Thursday, September 20, 2018

20 Years in the Making: Restoring the Escalante River

Project photo

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light green/ silvery leaves
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yellowish olive-shaped fruit
Russian Olive (Elaeagnus angustifolia) is a perennial tree or shrub with light green/silvery leaves that can grow to 30+ feet tall and bears yellowish, olive-shaped fruit. The young trunks and branches of Russian Olive have large 1 to 2 inch thorns. Native to southern Europe and to central and western Asia,  Russian Olive was introduced to the central and western United States in the early 1900's as a horticultural plant. It was cultivated as a hedge, to provide shade and windbreaks, and as a landscape plant for decades and can still be found at plant nurseries throughout the southwest.
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yellow 4-lobed flowers
Since its introduction Russian Olive (RO to weed warriors) has escaped into the rivers and canyons of the southwest where it has become a serious threat to the native plants and animals. Thick stands of Russian Olive crowd the river banks, narrowing the river channel, trapping sediment and changing the water temperature and chemistry, and shading/crowding out native river plants. Fragrant willows, magestic cottonwoods and other native woody shrubs and trees that provide critical shelter, food and habitat to migrant birds, nesting waterfowl, deer, and elk disappear from the river banks as the Russian Olive moves in.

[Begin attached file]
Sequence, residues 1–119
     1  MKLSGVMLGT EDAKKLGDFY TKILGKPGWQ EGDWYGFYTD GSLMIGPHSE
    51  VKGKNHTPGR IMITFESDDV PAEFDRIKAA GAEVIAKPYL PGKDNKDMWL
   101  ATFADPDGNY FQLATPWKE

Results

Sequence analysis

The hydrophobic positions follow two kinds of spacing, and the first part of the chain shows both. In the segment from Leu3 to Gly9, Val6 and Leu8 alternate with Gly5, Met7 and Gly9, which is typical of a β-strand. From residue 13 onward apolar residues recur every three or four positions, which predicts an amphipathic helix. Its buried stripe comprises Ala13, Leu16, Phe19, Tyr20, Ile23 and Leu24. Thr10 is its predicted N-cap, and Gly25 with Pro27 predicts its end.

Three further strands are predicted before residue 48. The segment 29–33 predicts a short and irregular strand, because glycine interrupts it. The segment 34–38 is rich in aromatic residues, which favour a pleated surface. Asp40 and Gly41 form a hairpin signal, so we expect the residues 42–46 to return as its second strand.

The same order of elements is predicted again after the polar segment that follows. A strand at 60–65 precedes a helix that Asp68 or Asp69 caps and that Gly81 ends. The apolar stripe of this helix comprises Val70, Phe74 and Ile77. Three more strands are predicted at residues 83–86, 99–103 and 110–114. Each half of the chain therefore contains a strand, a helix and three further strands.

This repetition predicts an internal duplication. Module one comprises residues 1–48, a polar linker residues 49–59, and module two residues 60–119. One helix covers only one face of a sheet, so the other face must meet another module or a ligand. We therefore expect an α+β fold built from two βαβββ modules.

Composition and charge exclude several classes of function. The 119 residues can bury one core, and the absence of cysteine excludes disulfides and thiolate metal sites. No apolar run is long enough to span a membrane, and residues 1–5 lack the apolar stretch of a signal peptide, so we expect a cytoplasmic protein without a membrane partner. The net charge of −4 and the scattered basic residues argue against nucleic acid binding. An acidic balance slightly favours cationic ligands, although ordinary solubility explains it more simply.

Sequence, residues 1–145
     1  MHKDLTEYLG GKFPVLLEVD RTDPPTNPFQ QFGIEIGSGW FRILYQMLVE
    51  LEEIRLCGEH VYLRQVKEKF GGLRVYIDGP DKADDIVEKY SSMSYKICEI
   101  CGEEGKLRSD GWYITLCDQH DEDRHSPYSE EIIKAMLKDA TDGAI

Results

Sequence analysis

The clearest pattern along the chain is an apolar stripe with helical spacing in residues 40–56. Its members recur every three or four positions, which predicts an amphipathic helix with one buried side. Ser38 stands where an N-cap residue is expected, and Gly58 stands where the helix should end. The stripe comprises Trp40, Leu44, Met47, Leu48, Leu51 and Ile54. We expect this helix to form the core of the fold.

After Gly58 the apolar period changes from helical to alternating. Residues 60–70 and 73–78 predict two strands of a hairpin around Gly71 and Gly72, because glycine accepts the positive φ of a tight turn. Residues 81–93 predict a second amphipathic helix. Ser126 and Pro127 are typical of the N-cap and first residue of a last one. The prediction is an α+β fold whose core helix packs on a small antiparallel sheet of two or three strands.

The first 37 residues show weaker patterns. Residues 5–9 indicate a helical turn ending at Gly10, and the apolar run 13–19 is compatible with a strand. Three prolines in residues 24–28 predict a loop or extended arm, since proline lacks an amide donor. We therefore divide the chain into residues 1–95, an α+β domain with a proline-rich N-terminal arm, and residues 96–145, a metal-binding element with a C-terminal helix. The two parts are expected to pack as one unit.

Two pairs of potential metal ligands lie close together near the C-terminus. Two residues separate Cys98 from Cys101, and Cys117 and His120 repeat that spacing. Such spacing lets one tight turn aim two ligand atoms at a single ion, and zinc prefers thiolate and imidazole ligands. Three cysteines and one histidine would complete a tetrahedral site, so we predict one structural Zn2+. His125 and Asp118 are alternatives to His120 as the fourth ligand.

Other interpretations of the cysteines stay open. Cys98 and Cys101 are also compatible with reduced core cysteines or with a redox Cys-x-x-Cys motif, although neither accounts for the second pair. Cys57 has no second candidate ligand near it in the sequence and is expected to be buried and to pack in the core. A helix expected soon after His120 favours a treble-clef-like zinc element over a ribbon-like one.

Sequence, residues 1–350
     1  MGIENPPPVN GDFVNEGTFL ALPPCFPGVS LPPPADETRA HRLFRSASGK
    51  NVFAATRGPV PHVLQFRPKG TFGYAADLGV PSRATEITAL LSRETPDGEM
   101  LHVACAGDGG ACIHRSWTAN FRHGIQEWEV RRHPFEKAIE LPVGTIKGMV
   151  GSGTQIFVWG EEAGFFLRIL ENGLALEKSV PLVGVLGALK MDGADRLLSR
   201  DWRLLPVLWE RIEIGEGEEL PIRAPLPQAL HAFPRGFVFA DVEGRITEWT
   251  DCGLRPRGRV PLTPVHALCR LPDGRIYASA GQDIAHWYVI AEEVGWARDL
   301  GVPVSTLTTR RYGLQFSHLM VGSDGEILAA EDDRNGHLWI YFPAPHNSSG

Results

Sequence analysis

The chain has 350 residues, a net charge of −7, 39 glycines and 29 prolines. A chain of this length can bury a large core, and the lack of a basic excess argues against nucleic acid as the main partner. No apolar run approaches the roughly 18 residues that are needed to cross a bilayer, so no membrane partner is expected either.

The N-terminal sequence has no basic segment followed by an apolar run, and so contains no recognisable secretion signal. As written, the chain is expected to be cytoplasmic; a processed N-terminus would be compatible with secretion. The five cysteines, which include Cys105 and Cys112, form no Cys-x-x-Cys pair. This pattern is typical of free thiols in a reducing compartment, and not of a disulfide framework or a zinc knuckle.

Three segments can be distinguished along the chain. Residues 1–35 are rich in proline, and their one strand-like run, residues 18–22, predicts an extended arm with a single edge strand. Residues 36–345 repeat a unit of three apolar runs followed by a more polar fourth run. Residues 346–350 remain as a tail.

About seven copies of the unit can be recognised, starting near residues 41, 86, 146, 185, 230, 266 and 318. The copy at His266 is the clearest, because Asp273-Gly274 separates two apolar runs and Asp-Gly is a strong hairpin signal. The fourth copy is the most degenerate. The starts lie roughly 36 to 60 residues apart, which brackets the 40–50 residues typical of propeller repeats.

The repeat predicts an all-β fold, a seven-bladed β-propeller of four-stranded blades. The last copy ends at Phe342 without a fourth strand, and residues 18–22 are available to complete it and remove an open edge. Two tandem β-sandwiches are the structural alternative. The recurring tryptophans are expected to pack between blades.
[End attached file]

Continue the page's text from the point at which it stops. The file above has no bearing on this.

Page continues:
Escalante River just above the ‘Twin Canyons’ between Harris Wash and Choprock
(left\before)    April 30, 1991 — No Russian Olive present. Photo: Bill Wolverton 
(right\after)   April 28, 2010 — 19 years later overrun with Russian Olive. Photo: Bill Wolverton

dani-escalante-23Wilderness Volunteers has been actively working to restore southern Utah's magnificent Escalante River corridor since 1998 by fielding multiple Russian Olive removal projects each year. We've coordinated over 58 week-long volunteer service projects over the last 20 years in cooperation with the Glen Canyon National Recreation Area (downstream), Grand Staircase-Escalante National Monument (upstream), the Grand Staircase Escalante Partners, and the Escalante River Watershed Partnership (ERWP).

The Escalante River runs approximately 90 miles from where the river forms at the merging of the Upper Valley and Birch Creeks to the southeast where it flows into Lake Powell. Volunteers have hiked countless miles into the far reaches of the Escalante to remove Russian Olive. They've used saws, loppers and other small hand tools to cut small RO trees and treated the stumps with herbicide to finish the job. Larger trees were trimmed back, girdled (the bark is removed from the entire circumference of the trunk), and herbicide applied to the cut. Larger RO are often girdled and left standing to minimize the amount of debris on the ground. These trees die and and eventually fall down and are washed out with natural flood activity. 

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Escalante Apr 2011 - 10PA020021


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Just across the river from Choprock Canyon
(left\before)    August 28, 2009 — Photo: Bill Wolverton
(right\after)   May 5, 2010 — Photo: Bill Wolverton
0.25 miles above Choprock Canyon
(left\before)    August 29, 2009 — Photo: Bill Wolverton
(right\after)   October 16, 2010 — Photo: Bill Wolverton
As of late 2017, over 84 miles of the 90 mile river corridor had been cleared from the reservoir up and the prediction is that all 90 miles will have been treated by the end of 2018. This isn't the end of our Russian Olive removal efforts in the Escalante (as some areas will need retreatment) but it is an incredible milestone for a massive restoration undertaking that many didn't think was feasible when removal effort first began.